food & drink
The Spanish are no different from other Europeans, so it gives them a shot of Schadenfreude when they hear about Britain's difficulties extracting itself from the European Union.
It is incomprehensible to them how what they, and most of the world, always considered to be 'The Mother of Parliaments', could find itself in such a mess.
However, what makes them shake their heads in sheer amazement is the apparent inclination of many island dwellers to cut all ties with the EU at whatever cost.
If the country were self-supporting in food, it may be different, but since 60% is imported - and most of that from Europe - where is Britain supposed to turn? It seems that most supporters of a hard Brexit have little idea of the mechanism that puts food on their tables.
A hard Brexit, reason Spaniards, means that the cost of imported food will increase, in some cases putting certain things out of reach for many people. The only option will be to increase the production of home-grown items, even though this is not the complete answer.
Britain has more than enough dairy products to survive, and hopefully cheese makers will start replicating continental varieties. Bread will never be in short supply, nor will lamb, although mutton will make a comeback out of necessity. The chicken, beef and pork normally seen in the shops is a mix of imported and home-grown that has traditionally resulted in a wide selection, so the most likely outcome is that the British would have to start learning how to enjoy some of the less desirable cuts of meat that were previously exported.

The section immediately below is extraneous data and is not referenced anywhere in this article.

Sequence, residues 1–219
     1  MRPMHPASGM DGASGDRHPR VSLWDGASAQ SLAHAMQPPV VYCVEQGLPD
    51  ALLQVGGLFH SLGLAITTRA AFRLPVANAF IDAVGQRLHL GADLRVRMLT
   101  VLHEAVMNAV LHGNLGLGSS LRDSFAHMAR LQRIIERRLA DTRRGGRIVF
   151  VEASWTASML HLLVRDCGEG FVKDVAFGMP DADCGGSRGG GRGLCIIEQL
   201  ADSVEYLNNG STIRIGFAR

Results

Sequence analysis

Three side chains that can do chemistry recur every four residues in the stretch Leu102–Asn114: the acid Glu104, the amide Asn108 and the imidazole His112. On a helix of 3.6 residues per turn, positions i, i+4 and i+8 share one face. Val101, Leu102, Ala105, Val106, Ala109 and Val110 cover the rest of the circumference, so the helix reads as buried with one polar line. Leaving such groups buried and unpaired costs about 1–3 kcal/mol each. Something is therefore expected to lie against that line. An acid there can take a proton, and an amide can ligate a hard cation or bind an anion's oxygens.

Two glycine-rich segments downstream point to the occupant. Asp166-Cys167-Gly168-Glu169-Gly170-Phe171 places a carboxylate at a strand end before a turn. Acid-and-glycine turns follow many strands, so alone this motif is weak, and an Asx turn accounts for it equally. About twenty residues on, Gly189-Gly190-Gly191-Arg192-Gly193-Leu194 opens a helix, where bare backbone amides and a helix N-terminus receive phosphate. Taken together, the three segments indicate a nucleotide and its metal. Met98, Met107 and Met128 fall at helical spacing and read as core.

Most of the cod comes from Norway and Iceland, although hopefully the post-EU extended fishing zone should compensate for any supply difficulties.
Most shellfish currently goes to the continent, so that will in the future have to be consumed at home. No hardship there.
Potatoes and eggs will never run short, but broccoli and many vegetables, such as tomatoes (now nearly all foreign-grown), would only be in the shops when in season. Likewise strawberries and raspberries.
Imports of wine would reduce because of price increases, but beer and whisky are assured for life.